Ferries suspended as storm hits Cook Strait

Inter-island ferries have been suspended after the storm that battered the South Island today whipped up 7-metre waves in the Cook Strait.

The 2pm sailing from Picton to Wellington turned back when waves reached 5m and all further crossings are on hold while the storm makes its way north, a KiwiRail spokeswoman said.

Conditions would be assessed through the evening and a decision would be made later on when sailings could resume, she said.

The wild storm ripped its way up the South Island through the day, with winds peaking at 140km/h, bringing trees down on power lines, lifting roofs and blowing out house windows.

At 3.30pm, 2500 Orion customers were still without power, down from 7000 earlier.

The MetService has issued strong wind warnings for Christchurch, the Banks Peninsula, coastal Kaikoura and the Otago Peninsula north to Oamaru.

Severe southwest gales with gusts of up to 140kmh are expected in some areas.

The winds have brought down trees and powerlines, causing power outages for thousands of people in the Christchurch area.

Power company Orion's website said 5276 customers were without power as of 11.30am.

The gales have also kept firefighters busy, with more than 50 wind-related incidents since this morning.

Most were for downed trees and power lines, smashed windows, flying trampolines and lifting roofs.

Southern fire communications shift manager Karl Patterson said four people had been trapped in vehicles by downed lines this morning.

The occupants of one car on Hoon Hay Rd waited for firefighters to remove fallen lines from their car about 9am. The lines turned out to be telecommunications cables and the occupants were uninjured.

Occupants of another car faced a terrifying 45 minute wait after a live 11KV power line came down on their car in Kainga about 10.15am.

"Obviously the people had to remain in the vehicle until the power could be isolated ... I'd say it would be very terrifying," Mr Patterson said.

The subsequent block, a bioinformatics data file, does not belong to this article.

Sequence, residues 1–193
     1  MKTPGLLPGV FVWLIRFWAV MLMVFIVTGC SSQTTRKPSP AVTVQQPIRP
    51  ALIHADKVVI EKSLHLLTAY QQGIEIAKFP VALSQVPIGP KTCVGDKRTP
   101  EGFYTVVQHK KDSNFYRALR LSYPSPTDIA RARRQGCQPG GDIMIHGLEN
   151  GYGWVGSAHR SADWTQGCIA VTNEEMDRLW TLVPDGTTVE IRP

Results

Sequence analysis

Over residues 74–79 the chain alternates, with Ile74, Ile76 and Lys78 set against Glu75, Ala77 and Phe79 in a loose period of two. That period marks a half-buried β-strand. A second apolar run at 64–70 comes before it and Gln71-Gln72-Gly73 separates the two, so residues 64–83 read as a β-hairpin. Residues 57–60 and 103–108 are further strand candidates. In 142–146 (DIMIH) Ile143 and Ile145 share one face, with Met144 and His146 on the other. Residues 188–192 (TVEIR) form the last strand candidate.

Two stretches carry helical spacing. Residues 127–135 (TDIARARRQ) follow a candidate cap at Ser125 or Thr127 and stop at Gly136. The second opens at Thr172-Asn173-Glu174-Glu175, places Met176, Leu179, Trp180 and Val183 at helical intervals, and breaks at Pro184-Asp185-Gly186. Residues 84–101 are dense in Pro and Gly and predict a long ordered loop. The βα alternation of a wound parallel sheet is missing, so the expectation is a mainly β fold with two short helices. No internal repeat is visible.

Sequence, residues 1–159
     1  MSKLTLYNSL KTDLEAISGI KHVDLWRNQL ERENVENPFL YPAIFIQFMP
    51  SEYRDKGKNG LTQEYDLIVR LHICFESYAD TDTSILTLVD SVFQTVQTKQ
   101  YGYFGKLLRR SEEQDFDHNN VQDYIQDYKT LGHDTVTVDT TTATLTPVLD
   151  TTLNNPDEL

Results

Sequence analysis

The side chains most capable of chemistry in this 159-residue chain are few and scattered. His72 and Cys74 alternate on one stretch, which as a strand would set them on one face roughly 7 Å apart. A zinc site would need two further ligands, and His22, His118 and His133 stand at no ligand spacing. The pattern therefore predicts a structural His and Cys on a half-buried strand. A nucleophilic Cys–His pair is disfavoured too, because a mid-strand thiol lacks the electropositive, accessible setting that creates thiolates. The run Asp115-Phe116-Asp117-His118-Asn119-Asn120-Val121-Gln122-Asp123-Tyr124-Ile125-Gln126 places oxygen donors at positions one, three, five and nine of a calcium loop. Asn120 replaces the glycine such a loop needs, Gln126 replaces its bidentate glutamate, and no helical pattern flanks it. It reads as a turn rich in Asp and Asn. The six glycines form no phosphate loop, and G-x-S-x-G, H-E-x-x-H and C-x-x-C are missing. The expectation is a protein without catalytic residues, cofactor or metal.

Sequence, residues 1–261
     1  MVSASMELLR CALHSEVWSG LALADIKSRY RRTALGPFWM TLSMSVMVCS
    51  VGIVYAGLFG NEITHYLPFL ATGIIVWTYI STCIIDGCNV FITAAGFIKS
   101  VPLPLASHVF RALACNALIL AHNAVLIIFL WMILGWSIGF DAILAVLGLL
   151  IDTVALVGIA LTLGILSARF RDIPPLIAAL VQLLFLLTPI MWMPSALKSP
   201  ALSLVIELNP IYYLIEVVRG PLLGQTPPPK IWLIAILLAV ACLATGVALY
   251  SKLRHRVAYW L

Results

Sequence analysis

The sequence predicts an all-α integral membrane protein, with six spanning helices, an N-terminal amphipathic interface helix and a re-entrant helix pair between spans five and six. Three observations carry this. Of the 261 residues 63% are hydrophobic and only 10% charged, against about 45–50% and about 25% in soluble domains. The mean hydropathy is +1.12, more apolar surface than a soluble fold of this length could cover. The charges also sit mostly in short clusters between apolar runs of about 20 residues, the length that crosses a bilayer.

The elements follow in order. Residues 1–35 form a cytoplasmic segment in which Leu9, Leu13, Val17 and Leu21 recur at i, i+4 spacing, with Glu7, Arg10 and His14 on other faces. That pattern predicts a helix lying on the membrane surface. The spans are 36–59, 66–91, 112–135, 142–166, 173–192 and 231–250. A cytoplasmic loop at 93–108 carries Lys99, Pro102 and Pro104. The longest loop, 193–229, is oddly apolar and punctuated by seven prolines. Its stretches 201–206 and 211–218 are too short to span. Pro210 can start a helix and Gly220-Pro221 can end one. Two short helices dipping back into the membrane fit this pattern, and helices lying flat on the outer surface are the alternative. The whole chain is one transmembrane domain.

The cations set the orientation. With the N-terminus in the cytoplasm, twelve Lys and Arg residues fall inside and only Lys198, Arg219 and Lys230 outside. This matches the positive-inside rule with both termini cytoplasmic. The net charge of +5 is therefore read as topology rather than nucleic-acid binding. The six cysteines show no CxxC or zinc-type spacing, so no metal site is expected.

The power was isolated and the occupants were uninjured, he said.

Mr Patterson said the wind had started picking up this morning and the incidents peaked by about 10am.

"It wasn't too bad overnight but after 6.30am it started kicking off. Akaroa and Lyttelton took a bit of a hammering first thing this morning - it was predominantly roofs lifting or parts of roofs lifting, loose roofing iron, that sort of thing."

Trees had come down on houses in Halswell and Strowan and power lines in Sumner.

In Heathcote Valley, a shed roof had blown off and landed on a neighbour's roof.

Roofing iron had also lifted from homes in central Christchurch, Hillsborough, Lyttelton, Burwood, Phillipstown, Merivale, Birdling's Flat, Aranui, Bishopdale and New Brighton.

Windows had also been smashed in the gales.

The conservatory windows of a Cashmere home were blown out, and in Cass Bay, a sun room was blown apart and a roof flew off and smashed a neighbour's window.

Trampolines had also caused havoc, with one landing on power lines in Southshore and another ending up on a garage roof in Mairehau.

The MetService said severe southwest gales could gust up to 120kmh in Otago before easing this evening.

On the Banks Peninsula, the gales could gust up to 140kmh before spreading to coastal Kaikoura this morning and easing tomorrow morning.

Strong winds are also expected in the lower North Island today.

The MetService has issued strong wind warnings for coastal Wairarapa and Wellington, where southwest winds are expected to rise to severe gales, gusting 120kmh, this afternoon.

The winds should ease tomorrow morning.

Cold start to March 

Just four days into March and summer seems like a long time ago, with a low pressure system pushing temperatures down and bringing rain.

It was just 8degC in Dunedin this morning with showers and strong sou'westers. 

WeatherWatch.co.nz predicted a high of just 12degC for the city today.

Dunedin could expect strong to gale-force winds today from the southwest which would make it feel even colder, WeatherWatch said.

A high of just 13degC is excpected in Christchurch and Wellington is also exposed to a cold southerly today and a high of 17degC is forecast.

While summer-like daytime highs would return to parts of New Zealand later this week the cold change in the eastern South Island may linger longer, Weather Watch said.

Highs in Dunedin were expected to hover around the low teens for much of this week while Christchurch should warm up again to the late teens.

Main centres for Tuesday:

- Dunedin: Showers, southwesterlies gusting to 120kmh, high of 12degC. 

- Auckland: High of 20degC, fine spells and showers, fresh southwesterlies.

- Hamilton: High of 21degC, fine spells and showers, fresh southwesterlies.

- Wellington: Afternoon showers, some heavy, gales gusting to 100kmh. High of 17degC.

- Christchurch: Heavy rain, southwesterlies gusting to 130kmh, high of 14degC.

Source: MetService.com

 

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